The Giant's House

      Elizabeth McCracken
The Giant's House

Set in a small town on Cape Cod in 1950, this tells of the relationship between Peggy Cort, a 28-year-old librarian, and James Carlson Sweatt, an 'over-tall' 11-year-old. They are odd candidates for friendship, but they still find their lives entwined in ways that neither one could have predicted.

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    An exact replica of a figment of my imagination: a memoir

      Elizabeth McCracken
An exact replica of a figment of my imagination: a memoir

"This is the happiest story in the world with the saddest ending," writes Elizabeth McCracken in her powerful, inspiring memoir. A prize-winning, successful novelist in her 30s, McCracken was happy to be an itinerant writer and self-proclaimed spinster. But suddenly she fell in love, got married, and two years ago was living in a remote part of France, working on her novel, and waiting for the birth of her first child. This book is about what happened next. In her ninth month of pregnancy, she learned that her baby boy had died. How do you deal with and recover from this kind of loss? Of course you don't--but you go on. And if you have ever experienced loss or love someone who has, the company of this remarkable book will help you go on. With humor and warmth and unfailing generosity, McCracken considers the nature of love and grief. She opens her heart and leaves all of ours the richer for it.

From Publishers Weekly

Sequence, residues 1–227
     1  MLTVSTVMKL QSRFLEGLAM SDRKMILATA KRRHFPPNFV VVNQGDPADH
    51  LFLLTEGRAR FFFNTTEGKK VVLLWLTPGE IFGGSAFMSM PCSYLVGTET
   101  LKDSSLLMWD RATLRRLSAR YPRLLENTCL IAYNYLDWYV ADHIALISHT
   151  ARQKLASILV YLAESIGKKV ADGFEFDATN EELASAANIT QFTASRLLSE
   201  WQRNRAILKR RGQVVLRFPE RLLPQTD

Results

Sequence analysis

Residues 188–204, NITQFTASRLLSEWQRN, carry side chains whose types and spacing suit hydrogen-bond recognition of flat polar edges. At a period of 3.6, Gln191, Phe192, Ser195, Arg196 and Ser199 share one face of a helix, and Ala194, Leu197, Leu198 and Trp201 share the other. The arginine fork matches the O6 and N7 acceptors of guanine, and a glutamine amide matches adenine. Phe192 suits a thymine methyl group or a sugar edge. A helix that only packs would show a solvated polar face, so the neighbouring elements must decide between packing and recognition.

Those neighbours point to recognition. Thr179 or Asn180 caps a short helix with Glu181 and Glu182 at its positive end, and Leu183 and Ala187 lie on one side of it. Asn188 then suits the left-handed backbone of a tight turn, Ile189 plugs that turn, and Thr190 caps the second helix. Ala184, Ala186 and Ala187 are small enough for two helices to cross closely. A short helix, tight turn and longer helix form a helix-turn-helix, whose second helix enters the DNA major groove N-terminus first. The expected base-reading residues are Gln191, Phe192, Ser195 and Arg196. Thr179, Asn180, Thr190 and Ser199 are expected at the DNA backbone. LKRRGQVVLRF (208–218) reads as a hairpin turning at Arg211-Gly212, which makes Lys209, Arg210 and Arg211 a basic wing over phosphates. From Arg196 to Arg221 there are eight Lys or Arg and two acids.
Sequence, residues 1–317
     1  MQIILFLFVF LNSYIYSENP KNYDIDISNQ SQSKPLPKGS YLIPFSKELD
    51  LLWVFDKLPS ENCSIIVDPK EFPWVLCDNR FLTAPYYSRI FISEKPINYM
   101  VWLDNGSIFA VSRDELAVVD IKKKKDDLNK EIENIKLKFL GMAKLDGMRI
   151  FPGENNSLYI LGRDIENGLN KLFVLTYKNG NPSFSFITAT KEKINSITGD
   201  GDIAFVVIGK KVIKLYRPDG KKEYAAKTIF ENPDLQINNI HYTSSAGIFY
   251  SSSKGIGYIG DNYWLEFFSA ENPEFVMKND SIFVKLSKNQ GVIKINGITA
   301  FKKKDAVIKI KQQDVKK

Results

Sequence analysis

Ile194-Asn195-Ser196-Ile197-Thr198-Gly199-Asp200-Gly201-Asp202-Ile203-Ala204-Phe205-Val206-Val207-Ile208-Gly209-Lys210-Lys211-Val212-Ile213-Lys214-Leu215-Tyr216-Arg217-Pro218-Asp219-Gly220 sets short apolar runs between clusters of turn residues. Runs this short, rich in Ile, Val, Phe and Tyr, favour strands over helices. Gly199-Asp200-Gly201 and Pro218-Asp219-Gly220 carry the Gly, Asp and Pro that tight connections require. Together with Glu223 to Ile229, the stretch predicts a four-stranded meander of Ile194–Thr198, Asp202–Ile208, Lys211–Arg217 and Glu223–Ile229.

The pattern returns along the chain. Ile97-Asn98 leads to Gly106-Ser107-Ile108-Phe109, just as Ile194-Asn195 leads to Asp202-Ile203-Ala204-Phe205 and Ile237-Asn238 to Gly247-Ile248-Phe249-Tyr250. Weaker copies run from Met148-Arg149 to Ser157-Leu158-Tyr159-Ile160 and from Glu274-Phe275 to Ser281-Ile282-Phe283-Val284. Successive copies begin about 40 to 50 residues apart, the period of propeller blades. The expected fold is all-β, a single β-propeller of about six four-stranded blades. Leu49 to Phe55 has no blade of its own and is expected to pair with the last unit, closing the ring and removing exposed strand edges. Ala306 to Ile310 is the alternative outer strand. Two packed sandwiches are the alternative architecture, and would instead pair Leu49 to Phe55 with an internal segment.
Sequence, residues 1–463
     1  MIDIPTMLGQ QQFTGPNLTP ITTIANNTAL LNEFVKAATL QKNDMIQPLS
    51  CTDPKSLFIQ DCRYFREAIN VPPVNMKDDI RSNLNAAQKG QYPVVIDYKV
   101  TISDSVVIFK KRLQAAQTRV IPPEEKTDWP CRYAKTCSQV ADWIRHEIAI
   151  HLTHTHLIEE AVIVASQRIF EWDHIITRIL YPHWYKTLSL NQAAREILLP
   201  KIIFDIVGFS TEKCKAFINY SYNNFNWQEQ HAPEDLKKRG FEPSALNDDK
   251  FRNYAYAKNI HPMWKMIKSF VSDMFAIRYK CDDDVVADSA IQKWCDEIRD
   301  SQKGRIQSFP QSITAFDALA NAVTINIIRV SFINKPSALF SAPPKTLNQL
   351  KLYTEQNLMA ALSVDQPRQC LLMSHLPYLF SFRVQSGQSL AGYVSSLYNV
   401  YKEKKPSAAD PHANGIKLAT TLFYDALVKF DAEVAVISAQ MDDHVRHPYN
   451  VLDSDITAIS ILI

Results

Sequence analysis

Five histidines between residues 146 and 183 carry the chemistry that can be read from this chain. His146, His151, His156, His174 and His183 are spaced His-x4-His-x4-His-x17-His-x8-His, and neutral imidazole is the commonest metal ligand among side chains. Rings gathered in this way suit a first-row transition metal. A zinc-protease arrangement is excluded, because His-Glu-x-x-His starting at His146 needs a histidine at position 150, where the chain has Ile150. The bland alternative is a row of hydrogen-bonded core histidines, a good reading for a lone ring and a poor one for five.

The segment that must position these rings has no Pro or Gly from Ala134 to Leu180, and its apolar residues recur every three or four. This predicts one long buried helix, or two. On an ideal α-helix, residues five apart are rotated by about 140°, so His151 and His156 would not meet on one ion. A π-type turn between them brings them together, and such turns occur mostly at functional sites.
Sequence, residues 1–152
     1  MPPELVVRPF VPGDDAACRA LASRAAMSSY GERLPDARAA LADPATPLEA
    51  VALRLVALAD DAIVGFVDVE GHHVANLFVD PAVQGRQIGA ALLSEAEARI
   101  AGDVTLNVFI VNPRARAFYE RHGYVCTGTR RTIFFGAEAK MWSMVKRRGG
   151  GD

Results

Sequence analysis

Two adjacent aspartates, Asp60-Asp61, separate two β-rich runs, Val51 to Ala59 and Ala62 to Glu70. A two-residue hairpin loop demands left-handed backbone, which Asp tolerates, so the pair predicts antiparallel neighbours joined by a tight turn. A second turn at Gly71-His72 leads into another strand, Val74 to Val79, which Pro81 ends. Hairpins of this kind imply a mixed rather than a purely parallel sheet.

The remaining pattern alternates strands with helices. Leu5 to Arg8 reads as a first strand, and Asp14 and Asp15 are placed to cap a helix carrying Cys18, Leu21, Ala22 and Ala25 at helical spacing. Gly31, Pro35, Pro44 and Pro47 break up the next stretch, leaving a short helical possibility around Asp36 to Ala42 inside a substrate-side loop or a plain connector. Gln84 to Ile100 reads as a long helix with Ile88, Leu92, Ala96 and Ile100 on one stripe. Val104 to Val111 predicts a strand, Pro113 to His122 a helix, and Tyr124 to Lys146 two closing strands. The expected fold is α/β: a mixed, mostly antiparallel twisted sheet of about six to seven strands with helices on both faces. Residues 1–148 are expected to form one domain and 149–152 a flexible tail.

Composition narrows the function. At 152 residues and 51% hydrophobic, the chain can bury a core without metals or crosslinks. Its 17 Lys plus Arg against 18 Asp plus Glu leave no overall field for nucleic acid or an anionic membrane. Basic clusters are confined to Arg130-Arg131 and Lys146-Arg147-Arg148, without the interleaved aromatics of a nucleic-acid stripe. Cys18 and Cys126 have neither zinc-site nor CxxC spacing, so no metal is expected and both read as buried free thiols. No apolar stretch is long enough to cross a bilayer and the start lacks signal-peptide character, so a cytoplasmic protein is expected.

Starred Review. McCracken tells her own story in this touching and often unexpectedly funny memoir about her life before and after losing her first child in the ninth month of pregnancy. As difficult as it must have been to read aloud, McCrackens delivery is courageous and never self-pitying. McCracken is forthright about the tragedy, telling the listener early on that a baby dies in this book, but that another one is born. McCrackens reading is enthralling and deeply moving, as if she is relating this intimate journey directly to each listener individually from a dark, candle-lit room, in an unforgettable performance. A Little, Brown hardcover (reviewed online). (Sept.)
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From

In Elizabeth McCracken’s heartrending memoir—a love letter to the child she lost and the devoted husband who suffered alongside her—McCracken displays her many talents. Her warmth, candor, crystalline prose, lovely imagery, and attention to detail bring her painful story to life. McCracken’s dark sense of humor ensnares unwitting readers, belying the sadness with which she writes, and she shows very little patience for self-pity and sentimentality. Critics praised her clear-eyed account in a genre replete with syrupy, self-aggrandizing books, though some expressed doubts that its subject matter would have wide appeal. “I’m not ready for my first child to fade into history,” explains McCracken. With this heartbreaking account of his life, there’s little chance of that.
Copyright 2008 Bookmarks Publishing LLC

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    Niagara Falls All Over Again

      Elizabeth McCracken
Niagara Falls All Over Again

By turns graceful and knowing, funny and moving, Niagara Falls All Over Again is the latest masterwork by National Book Award finalist and author of The Giant's House, Elizabeth McCracken.

Spanning the waning years of vaudeville and the golden age of Hollywood, Niagara Falls All Over Again chronicles a flawed, passionate friendship over thirty years, weaving a powerful story of family and love, grief and loss. In it, McCracken introduces her most singular and affecting hero: Mose Sharp -- son, brother, husband, father, friend ... and straight man to the fat guy in baggy pants who utterly transforms his life.

To the paying public, Mose Sharp was the arch, colorless half of the comedy team Carter and Sharp. To his partner, he was charmed and charming, a confirmed bachelor who never failed at love and romance. To his father and sisters, Mose was a prodigal son. And in his own heart and soul, he would always be a boy who once had a chance to save...

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